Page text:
You probably already know that Presidents’ Day occurs on the third Monday of every February. That means no school, no mail, no work (for the lucky), and extra savings on mattresses for all. Plus good old rock n’ roll! Wait, what? Okay, every day is a good day for rock, but especially Presidents’ Day, since it turns out many presidents’ names have been inserted into rock lyrics for quite a few decades. Songs by everyone from The Stones to Sting have mentioned Kennedy and Reagan, as well as Truman and Polk. Check out our small sampling.
The Rolling Stones’ “Sympathy for the Devil” (1968)
Jagger’s lyrics recount some of mankind’s most horrific atrocities, as told by the Devil himself — which didn’t stop Rolling Stone magazine from ranking this single from Beggars Banquet as the 32nd greatest rock song of all time. This Stones tune reminds us who we are as a people, and it’s not that pretty. “I shouted out, ‘Who killed the Kennedys?’ When after all, it was you and me.” There are quite a few songs that mention JFK — Tori Amos’ “Jackie’s Strength,” the Misfits’ “Bullet” — but this one gets the nod for including brother Bobby, who was assassinated after winning the California presidential primary in 1968.
Crosby, Stills, Nash & Young’s “Ohio” (1970)
Perhaps the greatest protest song ever written, “Ohio” was Neil Young’s reaction to the tragic Kent State shootings of May 4, 1970, when four unarmed college students were gunned down by Ohio National Guard soldiers during a Vietnam War protest. “Tin soldiers and Nixon coming, we’re finally on our own. This summer I hear the drumming, Four dead in Ohio.” Heard 50 years later, “Ohio” remains as shocking and upsetting as ever.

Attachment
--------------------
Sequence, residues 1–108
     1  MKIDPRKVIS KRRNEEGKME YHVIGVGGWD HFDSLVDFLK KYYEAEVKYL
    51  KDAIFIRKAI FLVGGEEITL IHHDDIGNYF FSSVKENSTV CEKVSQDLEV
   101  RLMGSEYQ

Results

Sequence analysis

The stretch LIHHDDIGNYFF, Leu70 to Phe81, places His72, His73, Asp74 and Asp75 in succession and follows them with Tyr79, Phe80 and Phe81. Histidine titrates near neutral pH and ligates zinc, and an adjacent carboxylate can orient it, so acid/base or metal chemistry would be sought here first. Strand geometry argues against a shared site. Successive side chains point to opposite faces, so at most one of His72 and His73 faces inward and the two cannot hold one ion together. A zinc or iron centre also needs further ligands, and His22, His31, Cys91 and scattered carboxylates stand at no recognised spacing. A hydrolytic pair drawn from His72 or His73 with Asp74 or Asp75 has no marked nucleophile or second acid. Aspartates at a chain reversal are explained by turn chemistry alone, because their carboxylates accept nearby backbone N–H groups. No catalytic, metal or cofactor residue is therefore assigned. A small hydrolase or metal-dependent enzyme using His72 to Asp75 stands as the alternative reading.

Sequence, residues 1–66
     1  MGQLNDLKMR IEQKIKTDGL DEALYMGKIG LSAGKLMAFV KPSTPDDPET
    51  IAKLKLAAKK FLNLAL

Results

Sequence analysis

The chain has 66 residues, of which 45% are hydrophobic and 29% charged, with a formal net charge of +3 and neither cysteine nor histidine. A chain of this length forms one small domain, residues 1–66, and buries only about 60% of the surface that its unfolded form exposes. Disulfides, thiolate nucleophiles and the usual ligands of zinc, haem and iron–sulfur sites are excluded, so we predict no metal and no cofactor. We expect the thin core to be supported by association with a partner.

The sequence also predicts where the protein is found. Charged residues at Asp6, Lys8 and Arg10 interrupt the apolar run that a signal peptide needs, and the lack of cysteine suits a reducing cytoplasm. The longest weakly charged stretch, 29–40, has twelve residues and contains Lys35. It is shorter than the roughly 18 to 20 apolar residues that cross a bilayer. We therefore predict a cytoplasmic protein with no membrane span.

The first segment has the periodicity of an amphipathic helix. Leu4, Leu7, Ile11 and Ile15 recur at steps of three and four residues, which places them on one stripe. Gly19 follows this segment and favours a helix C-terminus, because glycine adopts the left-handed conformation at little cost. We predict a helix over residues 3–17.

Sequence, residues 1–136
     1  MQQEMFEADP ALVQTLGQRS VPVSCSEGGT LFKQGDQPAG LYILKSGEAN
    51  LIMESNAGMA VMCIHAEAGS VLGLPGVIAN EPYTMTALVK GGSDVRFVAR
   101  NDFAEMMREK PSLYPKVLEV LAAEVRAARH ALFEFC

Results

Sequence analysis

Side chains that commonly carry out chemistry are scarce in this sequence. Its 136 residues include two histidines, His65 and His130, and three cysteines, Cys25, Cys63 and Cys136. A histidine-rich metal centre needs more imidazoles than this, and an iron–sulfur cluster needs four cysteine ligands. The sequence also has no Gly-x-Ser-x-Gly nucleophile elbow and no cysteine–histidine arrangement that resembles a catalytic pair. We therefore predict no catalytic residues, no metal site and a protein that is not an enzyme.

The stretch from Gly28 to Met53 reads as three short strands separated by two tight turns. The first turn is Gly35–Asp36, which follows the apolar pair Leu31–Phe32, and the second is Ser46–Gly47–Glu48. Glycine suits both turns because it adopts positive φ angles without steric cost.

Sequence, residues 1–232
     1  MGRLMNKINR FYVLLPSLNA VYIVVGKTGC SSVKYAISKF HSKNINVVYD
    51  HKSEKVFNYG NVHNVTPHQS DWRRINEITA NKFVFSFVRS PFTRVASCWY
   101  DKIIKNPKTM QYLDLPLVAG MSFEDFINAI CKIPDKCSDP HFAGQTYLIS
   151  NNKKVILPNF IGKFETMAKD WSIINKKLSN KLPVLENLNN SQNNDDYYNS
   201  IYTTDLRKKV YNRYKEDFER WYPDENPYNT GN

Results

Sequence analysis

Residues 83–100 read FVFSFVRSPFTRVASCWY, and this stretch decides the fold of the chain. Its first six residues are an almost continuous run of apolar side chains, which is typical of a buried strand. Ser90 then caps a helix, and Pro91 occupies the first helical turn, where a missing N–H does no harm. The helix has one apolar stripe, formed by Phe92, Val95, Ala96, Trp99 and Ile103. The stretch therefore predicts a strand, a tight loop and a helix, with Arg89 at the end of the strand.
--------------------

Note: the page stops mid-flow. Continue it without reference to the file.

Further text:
Chicago’s “Harry Truman” (1975)
Another chart-topper, Chicago’s “Harry Truman” climbed all the way to number 13 on Billboard’s Hot 100. Written by Robert Lamm, the tune longs for the days of a straight-talking, honest leader, following the days of a corrupt Nixon presidency that led to that president’s resignation. “America’s calling Harry Truman. Harry, you know what to do.” Yet despite its popularity back in the day, this Chicago hit gets relatively little airplay today. Play it on President’s Day.
Sting’s “Russians” (1985)
Sting’s 1985 solo debut The Dream of the Blue Turtles cemented his superstardom and produced four top 20 hits, “Russians” among them. Sting wrote the song, which peaked at number 16, in order to point out the utter madness fueling the Cold War. Addressing the president of the time, he quips, “Mr. Reagan says ‘We will protect you.’ I don’t subscribe to this point of view,” before decrying the policy of Mutually Assured Destruction and what it means for future generations.
Elvis Costello’s “Eisenhower Blues” (1986)
Blues master J. B. Lenoir wrote this song in the 1950s, but his record company forced him to record it under the title “Tax Paying Blues.” When Costello covered it on his album King of America, he was able to give it its original title again. But ultimately, some things never change. Paying taxes is always a drag, no matter how you sing it.
Billy Joel’s “We Didn’t Start the Fire” (1989)
This number one hit from 1989 chronicles historical events spanning a good part of Joel’s lifetime. Clocking in around four minutes, the lyrics mention Eisenhower, Truman, Reagan, JFK, and Nixon. The music video features some disturbing images but has nevertheless been spoofed repeatedly over the years, most recently by Barry on an episode of ABC’s The Goldbergs.
They Might Be Giants’ “James K. Polk” (1990)
Teacher: “Class, today you will write a song about a U.S. president.” They Might Be Giants: “Hold my beer.” History instructors, rejoice. You now have 3:16 seconds to kick back while your students listen to this oddball tribute to Polk, the eleventh president of the United States of America. Heck, play it twice. This bit of quirkiness is a major hit with the band’s hardcore fans, and why not? It’s not only educational, it’s fun.
PS. Sting’s “The Dream of the Blue Turtles” was a big step forward. And this “Making of the President” doc is eye-opening.
Photo by Jeff Brass/Getty Images
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